Physical structures, like Parliament, matter; how they function matters even more. Photo: PTIThe late political scientist and historian Benedict Anderson called the nation an imagined community, which brings together people who find common cause to forge a new identity. That entity functions because of its institutions.
Faraz Ahmed Siddiqui is the kind of intrepid blogger and investigative writer who should be receiving awards from grateful governments, because he is doing their work. When some Muslim groups decided to attract the attention of Muslims worldwide by posting images of human tragedy—a pile of dead bodies near Buddhist monks, or a man, aflame, running on a road—and claimed that these were images of Burmese/Buddhist atrocities against Rohingyas, he investigated the source of the images.
When a December 2013 verdict of the Supreme Court of India on Section 377, which criminalises same sex relationships, undid years of hard work by Indian LGBTI civil society, many companies stood courageously in solidarity. Firms such as Genpact, Godrej, Intuit, ThoughtWorks, Microsoft and Google took a stance against the section of the country’s penal code. The jewellery brand Tanishq posted an ad showing a pair of diamond earrings with the tagline “Two of a kind always make a beautiful pair!
Muck Rack makes it simple to find people, tweets, or articles that mention any name, keyword, company, hashtag etc. We've compiled this guide to help you make the most of your search.
Selecting a term
Start searching tweets, articles from media outlets, articles mentioned in tweets, journalists'
names, titles and bios with some suggested searches:
Companies or Topics (e.g. iPhone, Microsoft)
Phrases (e.g. "cloud computing") — use quotes to keep the terms together
Twitter handles (e.g. @username) — returns those who have mentioned or replied to
Names (e.g. "David Pogue")
Hashtags (e.g. #sxsw, #london2012)
Bio details (e.g. vegan, Olympics, father)
Muck Rack's Advanced Search allows for many boolean operators.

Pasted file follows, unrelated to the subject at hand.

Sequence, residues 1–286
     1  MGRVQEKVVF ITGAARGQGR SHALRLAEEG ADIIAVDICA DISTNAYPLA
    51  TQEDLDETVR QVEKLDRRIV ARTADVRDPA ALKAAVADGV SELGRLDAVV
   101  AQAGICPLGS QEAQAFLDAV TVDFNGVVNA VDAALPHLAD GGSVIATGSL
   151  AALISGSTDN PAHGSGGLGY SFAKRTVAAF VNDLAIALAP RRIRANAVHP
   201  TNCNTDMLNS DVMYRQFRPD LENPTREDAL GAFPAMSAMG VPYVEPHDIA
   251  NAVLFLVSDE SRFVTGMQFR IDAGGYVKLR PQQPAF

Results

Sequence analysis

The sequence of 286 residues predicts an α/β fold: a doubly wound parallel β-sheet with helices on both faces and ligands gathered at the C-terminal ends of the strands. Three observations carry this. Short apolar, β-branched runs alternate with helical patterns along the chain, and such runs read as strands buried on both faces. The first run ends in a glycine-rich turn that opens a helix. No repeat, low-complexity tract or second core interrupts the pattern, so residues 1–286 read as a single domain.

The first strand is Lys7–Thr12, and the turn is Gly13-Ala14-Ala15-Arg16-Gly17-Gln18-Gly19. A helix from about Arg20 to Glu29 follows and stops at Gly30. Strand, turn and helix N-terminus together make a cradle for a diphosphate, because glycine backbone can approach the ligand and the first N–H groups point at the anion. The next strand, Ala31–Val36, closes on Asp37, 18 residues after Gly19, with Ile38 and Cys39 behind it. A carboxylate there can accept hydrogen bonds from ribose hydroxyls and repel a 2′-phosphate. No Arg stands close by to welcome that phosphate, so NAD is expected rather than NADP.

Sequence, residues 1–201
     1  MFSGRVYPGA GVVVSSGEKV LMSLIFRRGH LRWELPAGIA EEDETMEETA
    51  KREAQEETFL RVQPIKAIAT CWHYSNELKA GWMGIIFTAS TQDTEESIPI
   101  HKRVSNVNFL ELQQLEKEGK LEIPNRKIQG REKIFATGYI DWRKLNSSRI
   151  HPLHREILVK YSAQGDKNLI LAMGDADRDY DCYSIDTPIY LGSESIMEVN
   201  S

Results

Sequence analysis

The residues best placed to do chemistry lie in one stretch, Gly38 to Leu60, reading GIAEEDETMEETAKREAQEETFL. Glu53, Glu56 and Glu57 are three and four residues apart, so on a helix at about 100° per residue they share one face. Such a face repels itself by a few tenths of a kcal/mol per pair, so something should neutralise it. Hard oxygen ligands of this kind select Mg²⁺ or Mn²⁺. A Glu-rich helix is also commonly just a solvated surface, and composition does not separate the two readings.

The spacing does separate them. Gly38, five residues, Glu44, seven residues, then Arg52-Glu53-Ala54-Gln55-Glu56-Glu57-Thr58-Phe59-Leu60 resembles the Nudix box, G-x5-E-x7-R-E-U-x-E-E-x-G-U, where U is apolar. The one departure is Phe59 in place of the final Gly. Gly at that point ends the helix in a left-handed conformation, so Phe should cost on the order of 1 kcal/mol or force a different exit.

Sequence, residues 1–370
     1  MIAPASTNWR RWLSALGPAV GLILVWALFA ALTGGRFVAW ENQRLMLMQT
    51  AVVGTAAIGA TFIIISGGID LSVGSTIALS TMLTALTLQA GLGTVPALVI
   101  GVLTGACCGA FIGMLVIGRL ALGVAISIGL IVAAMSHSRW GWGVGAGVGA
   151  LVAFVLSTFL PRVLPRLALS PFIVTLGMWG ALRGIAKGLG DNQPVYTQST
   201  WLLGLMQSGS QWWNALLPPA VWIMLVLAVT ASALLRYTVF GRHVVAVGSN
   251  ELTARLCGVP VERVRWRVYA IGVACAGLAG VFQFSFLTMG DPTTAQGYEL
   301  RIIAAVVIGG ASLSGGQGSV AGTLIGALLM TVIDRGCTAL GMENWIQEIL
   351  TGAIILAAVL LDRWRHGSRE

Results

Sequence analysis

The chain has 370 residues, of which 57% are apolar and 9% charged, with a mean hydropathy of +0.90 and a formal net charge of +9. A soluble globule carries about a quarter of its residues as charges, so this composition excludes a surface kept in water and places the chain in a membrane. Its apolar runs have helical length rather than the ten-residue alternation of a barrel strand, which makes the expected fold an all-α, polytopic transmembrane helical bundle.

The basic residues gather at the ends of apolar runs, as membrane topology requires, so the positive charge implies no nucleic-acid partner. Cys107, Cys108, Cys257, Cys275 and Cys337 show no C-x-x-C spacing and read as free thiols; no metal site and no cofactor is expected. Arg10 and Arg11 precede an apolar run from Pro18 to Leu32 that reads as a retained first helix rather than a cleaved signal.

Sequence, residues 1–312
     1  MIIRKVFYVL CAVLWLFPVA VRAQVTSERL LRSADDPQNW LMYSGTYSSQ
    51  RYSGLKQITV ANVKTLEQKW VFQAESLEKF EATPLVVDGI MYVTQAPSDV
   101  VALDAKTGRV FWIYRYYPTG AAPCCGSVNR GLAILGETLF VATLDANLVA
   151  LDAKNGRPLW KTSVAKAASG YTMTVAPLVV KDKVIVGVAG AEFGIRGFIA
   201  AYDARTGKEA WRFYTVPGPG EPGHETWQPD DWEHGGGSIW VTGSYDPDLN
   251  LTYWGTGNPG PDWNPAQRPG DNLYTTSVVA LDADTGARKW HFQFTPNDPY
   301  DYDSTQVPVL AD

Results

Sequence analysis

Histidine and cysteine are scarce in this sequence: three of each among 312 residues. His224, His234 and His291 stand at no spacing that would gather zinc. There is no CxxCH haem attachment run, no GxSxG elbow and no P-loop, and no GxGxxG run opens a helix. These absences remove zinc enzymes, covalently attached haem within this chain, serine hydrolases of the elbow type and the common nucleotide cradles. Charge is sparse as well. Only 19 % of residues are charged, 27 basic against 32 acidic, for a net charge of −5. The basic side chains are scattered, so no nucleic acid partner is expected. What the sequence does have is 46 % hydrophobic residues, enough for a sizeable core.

Find results that mention multiple specified terms, use AND or
+. For example, ensure each result contains both Elon Musk and Mark Zuckerberg by
searching Musk AND Zuckerberg or Musk + Zuckerberg.
Use the operators OR or , to broaden your search when you'd like either of
multiple terms to appear in results. (This is the default behavior of our search when no operators
are used). For example, results will contain either cake or cookie by searching cake OR cookie or cake,cookie
Use NOT or - to subtract results from your search. For
example, searching Disney will yield results about the Walt Disney Company as well as Walt Disney
World Resort. To exclude mentions of Disney World, search for Disney -World or Disney
When using one of these operators with a phrase, enclose it in quotation marks. For example, you can
find results about smartphones excluding Apple's iPhone 4S by searching smartphone -"iPhone
Exact case matching or punctuation
If you're searching for a brand name or keyword that relies on specific punctuation marks or capitalization, you can
find results that match your exact query by adding matchcase: before the keyword you're searching for, like matchcase:E*TRADE .
Use parentheses to separate multiple
boolean phrases. For example, to find journalists talking about having fun in Disney World or
Disneyland, search for ("disney world" OR disneyland) AND fun.
An asterisk can be used to search for any variation of a root word truncated by the asterisk. For example, searching for admin* will return results for administrator, administration, administer, administered, etc.
A near operator is an AND operator where you can control the distance between the words. You can vary the distance the near operation uses by adding a forward slash and number (between 0-99) such as strawberries NEAR/10 "whipped cream", which means the strawberries must exist within 10 words of "whipped cream".